Crane Safety Revisited

Just when you think you have all the bases covered, the “impossible” happens. During a lift on one of our recent outages, the idler pulley and mounting bracket for the drive on the overhead crane fell approximately 25 feet. Fortunately no one was injured. We have discussed the need for pre-outage crane inspections in previous Safety Tips, identifying the need for an OSHA-compliant inspection before the outage. The customer had conscientiously performed the inspection, and we had examined the report. In a post-incident report, the company’s preferred crane inspection vendor discovered the root cause was an alignment issue with the driven sprocket for the trolley. The company implemented two corrective actions: the crane vendor installed a safety cable to prevent the bracket from falling in the event of a failure, and an alignment protocol was added to the inspection checklist. Discussions are continuing on additional preventive measures.

For TGM’s part, we recognize that we have a responsibility to not only request the inspection report, but to read and analyze it. We have discovered that this crane vendor includes an Inspection Report Key along with the report which gives a Priority Code and a Condition code for each finding. These codes help identify the importance of the finding and the need for corrective action. These codes are specific to this particular vendor. Others may use a different key or not have one.  We will now be asking for an Inspection Report Key in addition to the report so we can double check that all deficiencies have been corrected. We will also be asking for the report with enough lead time such that any corrections can be made before the outage.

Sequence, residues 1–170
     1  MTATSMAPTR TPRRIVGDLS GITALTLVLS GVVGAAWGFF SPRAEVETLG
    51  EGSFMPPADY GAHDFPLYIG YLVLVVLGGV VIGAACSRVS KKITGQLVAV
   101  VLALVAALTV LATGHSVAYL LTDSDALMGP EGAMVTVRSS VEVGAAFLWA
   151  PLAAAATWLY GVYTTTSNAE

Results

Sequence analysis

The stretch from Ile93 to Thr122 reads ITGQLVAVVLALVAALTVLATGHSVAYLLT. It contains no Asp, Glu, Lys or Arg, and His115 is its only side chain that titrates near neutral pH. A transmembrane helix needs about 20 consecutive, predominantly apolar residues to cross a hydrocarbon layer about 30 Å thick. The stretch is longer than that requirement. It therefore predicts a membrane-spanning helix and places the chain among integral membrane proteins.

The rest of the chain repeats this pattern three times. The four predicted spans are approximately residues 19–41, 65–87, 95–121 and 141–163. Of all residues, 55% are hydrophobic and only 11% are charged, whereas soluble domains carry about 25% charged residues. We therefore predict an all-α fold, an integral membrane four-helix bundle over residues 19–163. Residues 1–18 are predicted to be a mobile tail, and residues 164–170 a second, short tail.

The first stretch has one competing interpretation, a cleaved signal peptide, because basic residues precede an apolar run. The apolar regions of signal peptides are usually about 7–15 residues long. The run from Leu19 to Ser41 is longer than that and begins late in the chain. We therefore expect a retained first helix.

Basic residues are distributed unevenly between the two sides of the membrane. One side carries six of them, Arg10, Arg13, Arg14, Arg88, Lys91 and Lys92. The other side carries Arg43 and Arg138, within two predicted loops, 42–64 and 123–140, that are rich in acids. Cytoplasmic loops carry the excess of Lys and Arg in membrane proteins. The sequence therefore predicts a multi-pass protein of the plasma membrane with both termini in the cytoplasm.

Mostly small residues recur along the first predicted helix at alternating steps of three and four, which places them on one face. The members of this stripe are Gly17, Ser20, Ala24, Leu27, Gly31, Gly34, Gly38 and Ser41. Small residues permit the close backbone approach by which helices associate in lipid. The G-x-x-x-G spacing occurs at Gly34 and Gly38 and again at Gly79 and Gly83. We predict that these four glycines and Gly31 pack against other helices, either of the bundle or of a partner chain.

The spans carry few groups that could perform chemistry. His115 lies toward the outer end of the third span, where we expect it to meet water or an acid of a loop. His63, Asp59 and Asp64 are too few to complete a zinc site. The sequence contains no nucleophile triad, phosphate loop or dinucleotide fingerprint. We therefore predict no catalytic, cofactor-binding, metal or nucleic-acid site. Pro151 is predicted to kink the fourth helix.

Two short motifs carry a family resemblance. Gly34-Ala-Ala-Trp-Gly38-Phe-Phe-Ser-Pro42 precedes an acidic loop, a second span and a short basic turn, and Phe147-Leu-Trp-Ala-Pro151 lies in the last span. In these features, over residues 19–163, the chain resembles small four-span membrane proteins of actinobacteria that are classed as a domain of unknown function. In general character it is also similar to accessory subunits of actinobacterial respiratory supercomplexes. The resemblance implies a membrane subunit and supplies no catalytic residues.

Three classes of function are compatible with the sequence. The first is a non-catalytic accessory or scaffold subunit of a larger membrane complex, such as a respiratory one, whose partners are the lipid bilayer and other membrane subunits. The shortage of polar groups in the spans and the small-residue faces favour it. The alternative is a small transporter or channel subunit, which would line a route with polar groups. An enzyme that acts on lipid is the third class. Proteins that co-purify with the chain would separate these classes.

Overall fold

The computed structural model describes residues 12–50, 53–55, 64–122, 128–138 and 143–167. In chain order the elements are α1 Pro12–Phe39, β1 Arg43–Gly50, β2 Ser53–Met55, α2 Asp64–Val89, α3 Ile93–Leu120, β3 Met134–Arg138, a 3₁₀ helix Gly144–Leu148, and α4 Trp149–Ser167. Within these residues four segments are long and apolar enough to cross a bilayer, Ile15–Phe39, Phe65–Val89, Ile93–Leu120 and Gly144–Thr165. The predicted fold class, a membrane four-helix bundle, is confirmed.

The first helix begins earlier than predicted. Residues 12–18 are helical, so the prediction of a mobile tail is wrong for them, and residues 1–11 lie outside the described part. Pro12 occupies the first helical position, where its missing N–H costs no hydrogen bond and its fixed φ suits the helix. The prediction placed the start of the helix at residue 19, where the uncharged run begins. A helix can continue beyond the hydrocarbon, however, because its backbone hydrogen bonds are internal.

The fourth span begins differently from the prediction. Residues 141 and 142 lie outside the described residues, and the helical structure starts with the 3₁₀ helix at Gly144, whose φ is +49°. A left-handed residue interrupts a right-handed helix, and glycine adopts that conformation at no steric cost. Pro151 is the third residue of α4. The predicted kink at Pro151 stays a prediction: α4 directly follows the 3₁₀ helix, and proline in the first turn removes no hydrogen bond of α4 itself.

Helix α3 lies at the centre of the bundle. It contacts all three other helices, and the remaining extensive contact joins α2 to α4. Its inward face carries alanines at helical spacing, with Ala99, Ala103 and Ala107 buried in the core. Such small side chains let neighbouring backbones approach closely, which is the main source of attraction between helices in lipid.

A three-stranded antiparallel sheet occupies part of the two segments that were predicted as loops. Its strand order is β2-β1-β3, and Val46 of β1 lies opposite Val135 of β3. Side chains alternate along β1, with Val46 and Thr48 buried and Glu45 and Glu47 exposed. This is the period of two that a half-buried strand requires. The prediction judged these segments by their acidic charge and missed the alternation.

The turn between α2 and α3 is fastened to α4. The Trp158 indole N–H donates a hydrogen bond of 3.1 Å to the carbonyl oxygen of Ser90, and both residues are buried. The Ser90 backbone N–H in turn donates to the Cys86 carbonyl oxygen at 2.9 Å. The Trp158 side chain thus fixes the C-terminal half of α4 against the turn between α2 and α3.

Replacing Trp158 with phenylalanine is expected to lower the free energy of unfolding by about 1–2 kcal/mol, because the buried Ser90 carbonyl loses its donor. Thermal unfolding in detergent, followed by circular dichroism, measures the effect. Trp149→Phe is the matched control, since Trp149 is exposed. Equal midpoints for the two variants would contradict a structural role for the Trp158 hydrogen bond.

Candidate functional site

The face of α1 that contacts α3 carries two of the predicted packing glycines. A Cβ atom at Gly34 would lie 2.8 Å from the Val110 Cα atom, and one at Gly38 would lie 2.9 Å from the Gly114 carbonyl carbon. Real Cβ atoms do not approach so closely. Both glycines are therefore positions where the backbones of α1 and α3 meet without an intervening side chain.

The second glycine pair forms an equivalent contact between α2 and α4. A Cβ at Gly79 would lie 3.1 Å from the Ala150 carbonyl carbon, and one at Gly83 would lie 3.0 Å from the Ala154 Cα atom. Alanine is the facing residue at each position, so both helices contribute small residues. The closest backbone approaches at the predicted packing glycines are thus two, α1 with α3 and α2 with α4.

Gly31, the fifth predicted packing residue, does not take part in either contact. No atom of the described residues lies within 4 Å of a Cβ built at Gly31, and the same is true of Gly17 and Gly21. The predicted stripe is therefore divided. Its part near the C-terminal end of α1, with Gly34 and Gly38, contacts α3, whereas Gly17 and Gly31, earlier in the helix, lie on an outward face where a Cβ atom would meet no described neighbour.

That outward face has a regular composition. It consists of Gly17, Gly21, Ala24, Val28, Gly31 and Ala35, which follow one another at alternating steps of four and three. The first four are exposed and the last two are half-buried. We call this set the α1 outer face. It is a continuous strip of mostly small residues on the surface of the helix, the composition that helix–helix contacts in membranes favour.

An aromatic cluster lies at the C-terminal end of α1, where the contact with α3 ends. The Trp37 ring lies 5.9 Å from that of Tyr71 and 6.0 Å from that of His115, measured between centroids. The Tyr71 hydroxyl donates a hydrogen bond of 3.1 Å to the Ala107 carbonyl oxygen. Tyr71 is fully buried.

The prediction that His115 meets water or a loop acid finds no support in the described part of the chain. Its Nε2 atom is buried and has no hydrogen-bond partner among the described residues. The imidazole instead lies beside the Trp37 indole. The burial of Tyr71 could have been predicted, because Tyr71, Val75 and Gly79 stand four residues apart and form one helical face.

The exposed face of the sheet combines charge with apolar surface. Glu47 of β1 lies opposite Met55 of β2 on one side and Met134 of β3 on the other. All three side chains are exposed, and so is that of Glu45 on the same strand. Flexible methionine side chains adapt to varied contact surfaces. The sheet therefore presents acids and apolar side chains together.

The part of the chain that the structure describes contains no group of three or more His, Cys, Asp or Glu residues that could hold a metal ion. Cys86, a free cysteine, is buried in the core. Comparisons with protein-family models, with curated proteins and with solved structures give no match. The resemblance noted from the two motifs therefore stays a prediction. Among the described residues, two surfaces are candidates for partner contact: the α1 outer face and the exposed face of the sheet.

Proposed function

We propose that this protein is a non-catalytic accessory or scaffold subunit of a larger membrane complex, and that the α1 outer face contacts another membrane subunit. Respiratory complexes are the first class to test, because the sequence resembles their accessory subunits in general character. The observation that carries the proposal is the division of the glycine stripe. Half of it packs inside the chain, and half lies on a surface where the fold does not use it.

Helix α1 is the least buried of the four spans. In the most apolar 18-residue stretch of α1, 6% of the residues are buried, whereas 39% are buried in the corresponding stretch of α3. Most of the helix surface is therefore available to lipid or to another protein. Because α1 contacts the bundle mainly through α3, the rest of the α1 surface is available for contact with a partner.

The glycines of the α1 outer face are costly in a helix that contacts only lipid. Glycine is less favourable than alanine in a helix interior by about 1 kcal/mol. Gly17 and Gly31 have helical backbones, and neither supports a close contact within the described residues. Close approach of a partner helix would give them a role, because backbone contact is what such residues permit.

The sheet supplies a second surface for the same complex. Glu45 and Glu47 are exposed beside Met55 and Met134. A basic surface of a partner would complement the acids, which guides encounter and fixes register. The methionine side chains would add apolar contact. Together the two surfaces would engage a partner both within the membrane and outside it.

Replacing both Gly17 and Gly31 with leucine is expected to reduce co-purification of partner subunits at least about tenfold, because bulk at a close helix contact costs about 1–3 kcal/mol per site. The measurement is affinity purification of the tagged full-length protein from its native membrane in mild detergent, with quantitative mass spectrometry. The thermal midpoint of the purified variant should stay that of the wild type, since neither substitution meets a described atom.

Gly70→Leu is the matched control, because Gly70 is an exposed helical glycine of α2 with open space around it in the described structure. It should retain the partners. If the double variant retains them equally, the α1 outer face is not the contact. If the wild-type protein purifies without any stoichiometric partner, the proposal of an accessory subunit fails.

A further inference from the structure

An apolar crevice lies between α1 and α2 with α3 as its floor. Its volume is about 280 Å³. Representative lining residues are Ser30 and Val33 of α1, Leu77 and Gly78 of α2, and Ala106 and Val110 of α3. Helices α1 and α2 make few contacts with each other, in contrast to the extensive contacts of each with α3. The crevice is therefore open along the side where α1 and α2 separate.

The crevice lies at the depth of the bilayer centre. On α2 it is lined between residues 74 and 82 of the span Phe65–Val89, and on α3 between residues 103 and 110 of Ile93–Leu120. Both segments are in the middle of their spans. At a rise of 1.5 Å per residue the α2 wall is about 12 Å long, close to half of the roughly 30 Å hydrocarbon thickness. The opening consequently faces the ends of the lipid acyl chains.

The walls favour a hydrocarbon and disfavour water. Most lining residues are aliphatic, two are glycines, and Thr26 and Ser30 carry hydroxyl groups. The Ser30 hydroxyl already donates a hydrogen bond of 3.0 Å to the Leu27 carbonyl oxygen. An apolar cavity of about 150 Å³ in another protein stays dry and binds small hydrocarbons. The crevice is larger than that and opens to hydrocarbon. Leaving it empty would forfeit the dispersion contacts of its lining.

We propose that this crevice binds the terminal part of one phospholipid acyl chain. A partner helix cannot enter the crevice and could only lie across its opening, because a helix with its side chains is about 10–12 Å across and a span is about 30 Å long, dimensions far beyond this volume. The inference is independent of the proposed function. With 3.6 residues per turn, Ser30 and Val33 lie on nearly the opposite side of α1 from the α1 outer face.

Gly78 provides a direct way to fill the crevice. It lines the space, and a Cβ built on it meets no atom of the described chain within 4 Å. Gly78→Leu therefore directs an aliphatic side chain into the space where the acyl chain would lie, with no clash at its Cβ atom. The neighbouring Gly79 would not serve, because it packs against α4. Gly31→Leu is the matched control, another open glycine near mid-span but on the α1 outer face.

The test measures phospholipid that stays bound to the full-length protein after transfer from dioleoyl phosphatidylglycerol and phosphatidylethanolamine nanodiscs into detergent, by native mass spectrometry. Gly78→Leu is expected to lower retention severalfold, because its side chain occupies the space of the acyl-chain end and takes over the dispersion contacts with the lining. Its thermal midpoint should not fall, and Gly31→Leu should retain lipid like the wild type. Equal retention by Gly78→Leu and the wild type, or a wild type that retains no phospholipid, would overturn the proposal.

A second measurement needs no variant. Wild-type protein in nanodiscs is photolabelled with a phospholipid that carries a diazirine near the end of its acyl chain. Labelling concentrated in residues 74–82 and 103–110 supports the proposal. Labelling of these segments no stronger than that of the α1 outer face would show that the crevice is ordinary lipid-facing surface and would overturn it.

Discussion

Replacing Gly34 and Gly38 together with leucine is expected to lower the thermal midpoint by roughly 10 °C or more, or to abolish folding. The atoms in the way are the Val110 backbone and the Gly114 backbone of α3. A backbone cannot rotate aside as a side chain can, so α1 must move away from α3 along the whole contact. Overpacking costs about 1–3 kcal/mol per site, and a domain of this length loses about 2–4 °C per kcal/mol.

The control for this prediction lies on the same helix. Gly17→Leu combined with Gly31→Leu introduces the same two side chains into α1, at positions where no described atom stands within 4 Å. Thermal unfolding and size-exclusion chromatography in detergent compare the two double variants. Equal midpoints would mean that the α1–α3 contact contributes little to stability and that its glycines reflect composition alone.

AC & DC High Potential Testing Fact & Fiction

Which is better: AC or DC Testing? Will these tests hurt my generator? Here are the facts:

  1. DC high potential test equipment is relatively small and easy to transport. AC equipment is comparatively difficult to transport (large and heavy).
  2. DC testing stresses the dielectric in a different manner than AC. DC tends to stress the end windings more. DC tends to be more sensitive to low resistance contaminates on the surface of the windings.
  3. AC high potential testing stresses the stator insulation system much as it would during normal operation. AC tends to stress the straight section of the stator windings more. AC is more apt to flush out high resistance insulation weaknesses that DC might not.
  4. DC can be used in a controlled over-voltage testing methodology where the test can be terminated prior to winding failure. AC is basically a go/no-go proof test.
  5. AC and/or DC high potential tests will not fail an otherwise sound insulation system. Sufficient research has been performed within the industry to conclude that windings which fail hipot already had either systemic and/or specific issues.
  6. AC and/or DC high potential testing does age the stator winding insulation. However, a one minute AC or DC high potential test equates to only a 0.0004% reduction in service life per test.*

In conclusion, AC high potential testing is better suited for acceptance proof testing of new equipment (i.e. coils, bars, and stator windings). DC testing is better suited for in-process proof testing, maintenance proof testing, and controlled over-voltage testing of new and/or used equipment. AC or DC high potential testing should not be used as the sole source of diagnostic or acceptance data. An experienced and qualified generator testing specialist will recommend a testing protocol specifically suited to your machine’s life cycle and operating history.

* A one minute AC or DC high potential test equates to approximately 11 hours of useful life expended. Assuming that a stator winding has a nominal 30-year life expectancy (263K hours), this would equate to only a 0.0004% reduction in service life per test.